The list of pumpkin foods I have eaten over the past week alone:

pumpkin cream cheese muffins
pumpkin spice doughnuts
pickled pumpkin salad with crunchy pumpkin seeds
spicy pumpkin soup
pumpkin cheesecake
pumpkin bagels with pumpkin cream cheese
pumpkin pie fudge
pumpkin ice cream (two versions)
pumpkin gnocchi with sage brown butter sauce (which I made from scratch!)
pumpkin bread pudding (this is the most delicious and easy dessert ever: it impressed my guests and I'm considering making another pan of it just for myself)

When everybody began to notice my penchant for nabbing any pumpkin item from every menu and making as much pumpkiny food as possible, they started to joke that we should name the baby (oh! the name debates! they are raging) Pumpkin, or Carabasseta (little pumpkin, in Catalan). It's not half bad, at least as a placeholder until we have a permanent name. Our little pumpkin baby, round and chubby and scrumptious.

03 October 2009

Week in review

It's been a good week at Can Cant d'Ocell (=Chez Birdsong). It started in Boston, where I made a quick trip to attend my nephew's baptism and first birthday party: a beautiful occasion and a great chance to spend time with my family. I figured I should take advantage of being nearby and childless--two situations that won't last much longer. My flights went so smoothly and quickly (what a novelty: a direct flight landing in the same time zone one takes off in!) and the new Indianapolis airport is so work-friendly that I actually hung around after arriving to take advantage of the comfy seats and free internet.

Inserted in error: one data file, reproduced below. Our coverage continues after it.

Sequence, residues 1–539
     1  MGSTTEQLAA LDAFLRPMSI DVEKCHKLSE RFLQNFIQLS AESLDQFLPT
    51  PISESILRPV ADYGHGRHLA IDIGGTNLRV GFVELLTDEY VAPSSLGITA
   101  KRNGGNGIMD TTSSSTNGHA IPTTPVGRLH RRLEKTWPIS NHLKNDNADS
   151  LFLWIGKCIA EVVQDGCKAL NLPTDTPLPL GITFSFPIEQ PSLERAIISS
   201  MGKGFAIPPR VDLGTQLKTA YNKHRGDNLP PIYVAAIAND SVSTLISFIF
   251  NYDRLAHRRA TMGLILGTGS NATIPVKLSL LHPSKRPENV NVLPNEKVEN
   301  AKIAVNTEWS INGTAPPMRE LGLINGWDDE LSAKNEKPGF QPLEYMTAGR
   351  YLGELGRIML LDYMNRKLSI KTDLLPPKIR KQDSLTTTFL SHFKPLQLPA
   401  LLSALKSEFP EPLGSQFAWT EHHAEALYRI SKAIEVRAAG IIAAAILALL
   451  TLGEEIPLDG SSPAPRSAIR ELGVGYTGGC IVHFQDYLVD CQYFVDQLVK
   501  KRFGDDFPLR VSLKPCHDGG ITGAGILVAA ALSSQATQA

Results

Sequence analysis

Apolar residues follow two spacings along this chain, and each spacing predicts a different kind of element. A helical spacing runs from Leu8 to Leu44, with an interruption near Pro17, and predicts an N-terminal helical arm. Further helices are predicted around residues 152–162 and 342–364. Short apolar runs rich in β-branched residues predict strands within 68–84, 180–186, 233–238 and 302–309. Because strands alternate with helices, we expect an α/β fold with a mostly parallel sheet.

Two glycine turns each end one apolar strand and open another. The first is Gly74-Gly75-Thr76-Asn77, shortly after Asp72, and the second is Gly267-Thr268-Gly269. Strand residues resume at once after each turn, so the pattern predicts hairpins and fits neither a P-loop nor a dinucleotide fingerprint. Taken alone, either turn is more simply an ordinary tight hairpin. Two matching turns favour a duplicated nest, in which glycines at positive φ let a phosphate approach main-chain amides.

The highlight of the week was finally having the Mister home, waking up at 6:30 am the next morning (he was jet-lagged; I was restless) and discovering that the baby was restless, too: we could both feel those tiny extremities making sturdy bumps and thumps against my stomach.

My parents-in-law also arrived from Spain for a visit, and their first day here was the perfect kind, a real fall day with a chill in the air and warm sun, all the better to show off the lovely corners of campus. We were invited to my thesis director's house for dinner, which I was a bit nervous about but turned out to be a fabulous dinner party, and probably the only possible event in town that could allow my (non-English-speaking) parents in-law to converse with other Catalans.

Today we went to the Farmer's Market and enjoyed taking in the bounty of southern Indiana's fall produce. My in-laws were charmed by the Amish and other local farmer types, the folk music, and the abundance of pumpkins and gourds. And for further exposure to Bloomington's back corners, we drove to a few yard sales and found some bargains for our kitchen (glassware), closets (shoe racks and one baby item, a gender-neutral yet adorable pair of denim overalls), and winter preparedness (snow shovel). Total cost: $2.00. Tonight we're headed to the opera, which should be a nice ending to a great week.